“I’ve been on a soapbox for months now about the harm that our overheated talk is doing to us. Yes it mobilizes supporters – but by mobilizing them with hysterical accusations and pseudo-information, overheated talk has made it impossible for representatives to represent and elected leaders to lead. The real leaders are on TV and radio, and they have very different imperatives from people in government. Talk radio thrives on confrontation and recrimination. When Rush Limbaugh said that he wanted President Obama to fail, he was intelligently explaining his own interests. What he omitted to say – but what is equally true – is that he also wants Republicans to fail. If Republicans succeed – if they govern successfully in office and negotiate attractive compromises out of office – Rush’s listeners get less angry. And if they are less angry, they listen to the radio less, and hear fewer ads for Sleepnumber beds.”—Waterloo | FrumForum Sadly, and predictably, Frum’s been kicked to the curb for these comments.
“Each second we live is a new and unique moment of the universe, a moment that will never be again. And what do we teach our children? We teach them that two and two make four, and that Paris is the capital of France. When will we also teach them what they are? We should say to each of them: Do you know what you are? You are a marvel. You are unique. In all the years that have passed, there has never been another child like you. Your legs, your arms, your clever fingers, the way you move. You may become a Shakespeare, a Michelangelo, a Beethoven. You have the capacity for anything. Yes, you are a marvel. And when you grow up, can you then harm another who is, like you, a marvel? You must work, we must all work, to make the world worthy of its children.”—Pablo Picasso (via elicec) (via quote-book)
“About 90 percent of my animal patients are geriatric—and, as odd as this sounds, the veterinary world may hold lessons for the broader health-care system. While pet insurance exists, only roughly 3 percent of owners carry it; even then, clients pay a substantial portion of costs themselves. That means they usually want to know the rationale behind each test. I explain what I think is going on, what I want to look for, and which tests I need to perform to find it. I rank the diagnostics from most to least essential and lay out approximate costs. My clients then choose what they want done, with an understanding of the relative importance, risk, and cost of each option. This step-by-step approach may seem time-consuming, but it dramatically reduces the number of expensive, unnecessary tests. And the process is more gratifying.”—Karen Oberthaler, V.M.D., on what vets can teach us about health care (via newsweek)
“You have but to take a peek in the comments section below this column, any column, any article on this or any news site whatsoever, to see just how mean and nasty we have become. It does not matter what the piece might be about. Obama’s speech. High speed rail. Popular dog breeds. Your grandmother’s cookies. The anonymous comments section of any major media site or popular blog will be so crammed with bile and bickering, accusation and pule, hatred and sneer you can’t help but feel violently disappointed by the shocking lack of basic human kindness and respect, much less a sense of positivism or perspective.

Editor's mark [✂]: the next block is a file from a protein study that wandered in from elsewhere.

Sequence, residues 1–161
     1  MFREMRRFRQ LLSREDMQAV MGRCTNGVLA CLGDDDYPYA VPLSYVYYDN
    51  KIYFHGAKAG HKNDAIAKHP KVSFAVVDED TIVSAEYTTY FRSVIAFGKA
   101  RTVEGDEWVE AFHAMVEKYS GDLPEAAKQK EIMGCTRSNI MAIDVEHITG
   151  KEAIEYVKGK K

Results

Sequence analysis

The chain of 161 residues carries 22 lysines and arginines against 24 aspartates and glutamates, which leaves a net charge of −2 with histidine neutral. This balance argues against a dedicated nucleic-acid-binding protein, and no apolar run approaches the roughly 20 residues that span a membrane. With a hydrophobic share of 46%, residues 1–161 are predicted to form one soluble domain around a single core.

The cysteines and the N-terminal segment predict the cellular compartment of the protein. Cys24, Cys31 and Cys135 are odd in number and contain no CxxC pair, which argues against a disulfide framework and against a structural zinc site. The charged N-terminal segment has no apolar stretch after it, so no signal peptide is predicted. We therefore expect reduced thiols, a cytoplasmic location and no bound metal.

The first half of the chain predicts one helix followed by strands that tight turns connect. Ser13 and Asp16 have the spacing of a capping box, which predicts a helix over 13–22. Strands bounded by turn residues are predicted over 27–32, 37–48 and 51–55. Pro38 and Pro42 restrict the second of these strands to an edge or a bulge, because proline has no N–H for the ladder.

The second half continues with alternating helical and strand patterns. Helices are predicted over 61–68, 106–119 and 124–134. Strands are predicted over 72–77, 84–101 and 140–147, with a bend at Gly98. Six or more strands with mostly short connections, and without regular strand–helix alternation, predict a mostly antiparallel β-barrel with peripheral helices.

Maybe this, then, is the ultimate upshot of our endless, self-wrought swirl of sour disappointment, of never having our impossible needs fully met, of constantly being thwarted in our desire to have the world revolve around our exact set of specifications and desires.
Our disappointment begins to curdle, to turn back on itself, poison the heart, turn us nasty and low. It shifts from merely being a national mood or general temperament, into a way of being. A wiring, deep and harmful and permanent. It’s all very disappointing, really.”—Why are you so terribly disappointing?
Simple, right? I don’t know much about “marketing” or “business development,” but if this isn’t a template for a simple, honest business, I don’t know what is.
We don’t need marketing. Customer Anthropology is the future. Strategies have changed and it’s no longer effective to have a traditional marketing model of yelling/broadcasting through the biggest proverbial bullhorn a company can afford (expensive launch events, advertising, PR, etc.). It is all about getting into your customers’ psyche, anticipating their reactions, and truly satisfying customers’ real needs.
Realness. I’ve written before about authenticity and how we crave it. I suspect this may be a result of the number of abstractions we come into contact with every single day. Think about how many abstractions your brain has to deal with to just read this. There is a computer. With “windows.” Built on top of a “file system” with “folders” and “files.” And then you get on the “internet” (which is not a real place) through your “browser” (which doesn’t take you anywhere because you’re still in your chair) to go to a “site” (which isn’t a site or location at all) to read some text on a screen. So, hi. How ya doin? Welcome to Abstraction City, population You and Me.
Abstractions are not bad. In fact, they are incredibly powerful. Case in point: math is an abstraction. All that computer stuff is abstraction. Corporations are abstractions too. But, the conflation of abstractions means we need to devise more meaningful ways to interact with and understand them. Lest, we feel no connection. We’re severed from a real world. Nothing bona fide, nothing tangible. We get confused. We get a handful of dust.